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Thanks very much for the explanation, Raja. It seems to me that this is true on both sides, though. For example, on the liberal side, there are those who think it is socially harmful to argue in favor of broad Second Amendment protections, as the NRA does; or to argue against affirmative action, as the Center for Individual Rights does; or to argue against the constitutionality of the Affordable Care Act, as the NFIB did; or to argue against a constitutional right to same sex marriage, as Prop 8 supporters are doing. The general lesson seems to be that if you work on one side of an area with a significant ideological valence, there will be some people on the other side of you that think your work is harmful. Anyway, thanks for responding; sorry if I took you off on a tangent.

Posted by: Orin Kerr | Aug 6, 2012 7:02:28 PM

Certain courses are, of course, unnecessary and allow profs to almost sleep walk through a class with 10 students as they embark on a journey through sexual harassment law (to use an example in the post). I also practiced in employment law and find it very valuable. After all, if we work we run across the plethora of laws in this realm. But sexual harassment can be covered in an overal employment law/discrimination course as opposed to a separate course. Just like arbitration law - which I taught this summer - could simply be explored in an ADR survey course, allowing students with the desire to learn more to pick it up after law school via a CLE or on-the-job training. Limiting classes can help control staffing and thus help with the cost of law school.

Posted by: Kendall Isaac | Aug 6, 2012 6:25:09 PM

Prof. Steele, in business, the hatchet man is the one given the unpleasant task of carrying out cuts. George Clooney was quite affable as one in Up In The Air. I did not mean to imply any personal unpleasantness from Olson; I've never met the man. What I was referring to was his position as one of the leading voices in movement conservatism decrying the supposed liberalism of law.

Prof. Kerr, this may seem overly impressionistic, but the examples that stick with me are the ones I gave; previously I was a union lawyer who also did plaintiff's employment-discrimination litigation; today I am a clinician with a docket that includes employment-discrimination cases, poverty law, and civil rights. I read Prof. Epstein and Olson (and others) to say that both of these careers are detrimental to society (as opposed to simply being undesirable), examples of where law has expanded to its own benefit but society's harm. Perhaps that sacrifices too much accuracy in service of snarkiness in the short distance covered by my post. But when the NLRB filed its complaint against Boeing, the tenor of the coverage in the conservative media was not about whether such a complaint was warranted - it was disbelief that the federal government even had the ability to do something like this. The debate over labor has been about first principles since the passage of the Wagner Act, and that particular war of attrition is nearly done.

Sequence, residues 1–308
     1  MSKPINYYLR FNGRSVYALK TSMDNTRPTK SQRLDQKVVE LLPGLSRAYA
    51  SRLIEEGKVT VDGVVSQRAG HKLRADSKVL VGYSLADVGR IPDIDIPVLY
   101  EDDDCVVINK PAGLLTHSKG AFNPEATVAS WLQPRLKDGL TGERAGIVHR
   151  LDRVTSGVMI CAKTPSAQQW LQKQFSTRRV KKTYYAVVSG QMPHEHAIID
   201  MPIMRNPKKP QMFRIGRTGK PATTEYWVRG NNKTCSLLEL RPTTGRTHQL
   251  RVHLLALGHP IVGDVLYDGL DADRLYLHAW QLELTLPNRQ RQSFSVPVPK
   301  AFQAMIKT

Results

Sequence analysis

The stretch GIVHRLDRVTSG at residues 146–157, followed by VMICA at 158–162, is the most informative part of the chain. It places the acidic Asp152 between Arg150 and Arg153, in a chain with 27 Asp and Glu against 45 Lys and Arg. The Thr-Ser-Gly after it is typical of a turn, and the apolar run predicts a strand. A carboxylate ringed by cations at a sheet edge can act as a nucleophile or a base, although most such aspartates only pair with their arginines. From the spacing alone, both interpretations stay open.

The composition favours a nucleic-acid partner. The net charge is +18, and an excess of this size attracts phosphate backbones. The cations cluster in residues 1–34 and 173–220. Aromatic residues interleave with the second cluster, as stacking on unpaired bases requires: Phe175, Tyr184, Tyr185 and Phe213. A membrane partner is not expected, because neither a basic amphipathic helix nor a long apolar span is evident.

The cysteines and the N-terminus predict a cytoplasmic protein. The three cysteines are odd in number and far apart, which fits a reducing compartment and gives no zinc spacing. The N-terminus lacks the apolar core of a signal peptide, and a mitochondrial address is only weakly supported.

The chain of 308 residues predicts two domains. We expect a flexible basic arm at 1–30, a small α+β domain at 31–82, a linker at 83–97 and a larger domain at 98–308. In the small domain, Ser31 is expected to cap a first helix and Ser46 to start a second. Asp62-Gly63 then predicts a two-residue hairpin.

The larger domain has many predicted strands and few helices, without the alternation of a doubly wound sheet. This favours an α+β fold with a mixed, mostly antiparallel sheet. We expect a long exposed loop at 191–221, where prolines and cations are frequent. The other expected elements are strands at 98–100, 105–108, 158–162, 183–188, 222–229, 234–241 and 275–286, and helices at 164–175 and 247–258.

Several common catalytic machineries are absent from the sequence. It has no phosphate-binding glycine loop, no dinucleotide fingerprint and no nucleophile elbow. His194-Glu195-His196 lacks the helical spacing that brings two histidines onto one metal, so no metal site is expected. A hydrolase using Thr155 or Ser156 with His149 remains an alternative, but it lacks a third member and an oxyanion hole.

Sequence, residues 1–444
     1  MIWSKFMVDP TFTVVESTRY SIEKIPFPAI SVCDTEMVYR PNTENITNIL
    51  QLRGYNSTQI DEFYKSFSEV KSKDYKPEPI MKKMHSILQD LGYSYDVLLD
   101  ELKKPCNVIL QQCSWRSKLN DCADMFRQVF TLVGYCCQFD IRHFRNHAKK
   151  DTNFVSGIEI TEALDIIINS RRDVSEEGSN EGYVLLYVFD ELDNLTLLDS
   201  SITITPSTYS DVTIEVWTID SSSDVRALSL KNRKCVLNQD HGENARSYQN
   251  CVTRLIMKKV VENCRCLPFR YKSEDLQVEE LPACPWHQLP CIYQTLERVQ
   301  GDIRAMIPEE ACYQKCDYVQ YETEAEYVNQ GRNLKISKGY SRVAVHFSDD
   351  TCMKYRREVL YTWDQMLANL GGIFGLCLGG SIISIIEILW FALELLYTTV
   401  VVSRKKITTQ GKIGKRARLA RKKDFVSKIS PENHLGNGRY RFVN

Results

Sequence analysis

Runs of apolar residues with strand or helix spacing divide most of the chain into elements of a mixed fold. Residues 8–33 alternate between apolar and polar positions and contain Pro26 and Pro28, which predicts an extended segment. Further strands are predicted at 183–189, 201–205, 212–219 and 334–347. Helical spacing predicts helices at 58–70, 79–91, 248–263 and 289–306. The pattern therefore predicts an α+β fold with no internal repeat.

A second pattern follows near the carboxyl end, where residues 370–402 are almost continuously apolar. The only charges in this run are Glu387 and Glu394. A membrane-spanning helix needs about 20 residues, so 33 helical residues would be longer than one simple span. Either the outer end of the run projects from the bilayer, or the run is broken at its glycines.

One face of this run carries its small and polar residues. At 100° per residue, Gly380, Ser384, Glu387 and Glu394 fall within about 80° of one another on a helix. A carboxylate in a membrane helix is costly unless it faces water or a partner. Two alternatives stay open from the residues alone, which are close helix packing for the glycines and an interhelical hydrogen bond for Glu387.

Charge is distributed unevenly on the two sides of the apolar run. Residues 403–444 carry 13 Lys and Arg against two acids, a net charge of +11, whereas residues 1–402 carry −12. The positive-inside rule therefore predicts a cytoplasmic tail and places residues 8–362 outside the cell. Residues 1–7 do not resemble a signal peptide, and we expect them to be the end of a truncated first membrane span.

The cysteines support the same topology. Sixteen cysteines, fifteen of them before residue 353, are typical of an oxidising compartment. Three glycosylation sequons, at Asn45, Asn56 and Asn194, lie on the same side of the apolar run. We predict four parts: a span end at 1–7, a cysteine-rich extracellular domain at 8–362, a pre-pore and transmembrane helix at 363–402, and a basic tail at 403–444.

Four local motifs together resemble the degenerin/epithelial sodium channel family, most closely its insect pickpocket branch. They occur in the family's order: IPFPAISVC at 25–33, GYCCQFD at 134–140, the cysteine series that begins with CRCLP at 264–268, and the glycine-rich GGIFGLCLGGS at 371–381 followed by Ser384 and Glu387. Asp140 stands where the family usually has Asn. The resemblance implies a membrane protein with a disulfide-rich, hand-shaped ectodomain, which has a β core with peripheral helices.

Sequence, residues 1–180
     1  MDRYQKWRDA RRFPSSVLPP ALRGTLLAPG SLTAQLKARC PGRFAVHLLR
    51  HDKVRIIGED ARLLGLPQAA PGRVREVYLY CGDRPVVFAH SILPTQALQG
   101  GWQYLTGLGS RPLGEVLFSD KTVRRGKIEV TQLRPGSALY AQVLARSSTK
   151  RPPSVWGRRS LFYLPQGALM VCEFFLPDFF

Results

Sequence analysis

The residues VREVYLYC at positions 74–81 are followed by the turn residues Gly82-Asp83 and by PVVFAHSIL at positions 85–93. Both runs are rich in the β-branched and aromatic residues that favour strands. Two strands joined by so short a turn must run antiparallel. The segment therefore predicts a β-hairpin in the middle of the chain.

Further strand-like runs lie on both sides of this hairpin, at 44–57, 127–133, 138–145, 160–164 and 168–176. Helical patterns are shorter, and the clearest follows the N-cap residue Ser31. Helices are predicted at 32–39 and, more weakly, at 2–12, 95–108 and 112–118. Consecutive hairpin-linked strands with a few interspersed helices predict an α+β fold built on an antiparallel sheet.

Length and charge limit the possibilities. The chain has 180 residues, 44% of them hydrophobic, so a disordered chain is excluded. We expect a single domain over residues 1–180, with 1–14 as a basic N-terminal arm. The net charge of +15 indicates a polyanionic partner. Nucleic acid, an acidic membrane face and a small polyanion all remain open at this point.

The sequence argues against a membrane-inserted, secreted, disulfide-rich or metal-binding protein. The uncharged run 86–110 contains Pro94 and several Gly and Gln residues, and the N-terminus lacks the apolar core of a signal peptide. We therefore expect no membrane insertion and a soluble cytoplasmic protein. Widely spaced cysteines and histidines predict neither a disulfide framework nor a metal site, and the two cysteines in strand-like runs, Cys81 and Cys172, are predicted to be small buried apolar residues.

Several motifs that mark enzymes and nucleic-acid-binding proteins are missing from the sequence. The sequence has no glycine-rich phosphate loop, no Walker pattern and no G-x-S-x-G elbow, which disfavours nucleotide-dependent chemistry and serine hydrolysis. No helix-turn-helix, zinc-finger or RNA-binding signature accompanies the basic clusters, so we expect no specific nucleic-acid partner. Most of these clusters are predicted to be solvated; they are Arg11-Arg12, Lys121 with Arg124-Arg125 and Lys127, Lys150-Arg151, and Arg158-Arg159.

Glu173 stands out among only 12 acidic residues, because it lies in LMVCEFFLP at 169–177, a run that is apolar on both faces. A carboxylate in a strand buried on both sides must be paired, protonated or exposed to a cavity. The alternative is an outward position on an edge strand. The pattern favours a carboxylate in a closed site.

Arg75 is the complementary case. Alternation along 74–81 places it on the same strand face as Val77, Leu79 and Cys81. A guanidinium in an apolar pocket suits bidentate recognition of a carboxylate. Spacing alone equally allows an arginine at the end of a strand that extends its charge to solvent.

Posted by: Raja Raghunath | Aug 6, 2012 5:24:56 PM

I don't agree with everything he writes, but Walter is thoughtful and polite. He hardly deserves to be called a hatchet man. If he hasn't appeared at your school to speak about his book, invite him and see for yourself.

Posted by: John Steele | Aug 6, 2012 2:58:00 PM

Raja writes: "the first-year curriculum constitutes the only areas of law whose existence conservatives broadly accept as legitimate." Can you tell us a bit more what you mean? Off the top of my head, I don't think I can recall any conservatives saying that areas of law are not "legitimate."

To be sure, there are conservatives who are critical of some specific classes and ways that they are taught in most law schools today -- for the most part, the criticism is that these classes are about political activism instead of law, as Olson would argue. And there are conservatives who would prefer the law to be different, such that certain courses that exist today to study certain statutes wouldn't exist because the relevant statutes wouldn't exist, which seems to be Epstein's view. But I can't recall conservatives saying that areas of law are "illegitimate" or need to be specially justified. But perhaps I just misunderstand you.

Posted by: Orin Kerr | Aug 6, 2012 1:03:29 PM